I see a lot of statistics on the TV that often show the teams with the most possession don't always win games – you can have the ball as much as you want but if you are not doing something different then it's much easier for the defence to break the attack down. Keeping the ball is a small part of the game, you have to make use of it. MORE
This session is all about player awareness and seeing who has the ability to spot openings as teams try to organise themselves to defend and attack.
Set up an area of 50×40 yards with four squares marked out, two in each half next to the centre line. You need two normal sized goals, one at each end. We’ve used 14 players.
How to play it
Split players into two teams of six and put two keepers in the goals. In each of the four zones play 2v1 keep ball for one minute and then call out one of the following options…
ONE! Using the balls in zone one, players must go into two 3v3s in their own half. The teams with the ball attack the goal in their half.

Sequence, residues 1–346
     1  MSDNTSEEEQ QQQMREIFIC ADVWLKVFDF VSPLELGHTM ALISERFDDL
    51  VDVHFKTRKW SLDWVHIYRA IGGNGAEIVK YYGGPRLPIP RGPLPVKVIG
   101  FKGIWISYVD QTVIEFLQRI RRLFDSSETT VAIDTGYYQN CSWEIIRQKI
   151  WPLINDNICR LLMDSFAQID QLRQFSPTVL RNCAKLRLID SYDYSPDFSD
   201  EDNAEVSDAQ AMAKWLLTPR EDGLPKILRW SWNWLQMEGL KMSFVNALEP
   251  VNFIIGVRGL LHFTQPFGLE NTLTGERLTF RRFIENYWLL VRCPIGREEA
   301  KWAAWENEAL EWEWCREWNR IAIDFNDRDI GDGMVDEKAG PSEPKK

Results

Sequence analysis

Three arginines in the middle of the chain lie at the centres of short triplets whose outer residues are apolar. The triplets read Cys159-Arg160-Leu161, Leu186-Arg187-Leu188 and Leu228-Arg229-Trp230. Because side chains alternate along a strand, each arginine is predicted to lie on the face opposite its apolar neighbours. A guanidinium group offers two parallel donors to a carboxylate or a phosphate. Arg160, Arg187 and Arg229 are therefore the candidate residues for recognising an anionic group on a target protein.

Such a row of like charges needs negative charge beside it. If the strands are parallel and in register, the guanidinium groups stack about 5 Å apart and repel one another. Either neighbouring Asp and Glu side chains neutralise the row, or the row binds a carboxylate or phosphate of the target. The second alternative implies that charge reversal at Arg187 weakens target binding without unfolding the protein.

TWO! Same as ‘One’ but use the balls from zone two this time. The teams with the ball attack but there is only 10 seconds to complete a move this time.
THREE! Teams play 6v6 using all four balls in a directional game (tell them which way they are shooting when you explain the game). Play until all four balls are dead. The team with the most goals from the three situations wins.
Great for individual skills and communication. You find out who the leaders are and who can quickly exploit space.
- 1. Play starts with teams in the squares playing 2v1 keep ball – play for around one minute
- 2. On your call of ‘ONE’ the players go into a 3v3 with the team who has the ball in Zone One attacking
- 3. Teams play in the same half of the pitch as the squares they start off in
- 4. On your call of ‘THREE’ players go into a 6v6 directional game with all four balls in play
- 5. Here the midfielders get a pass but can they also block the opposing midfielder who has the ball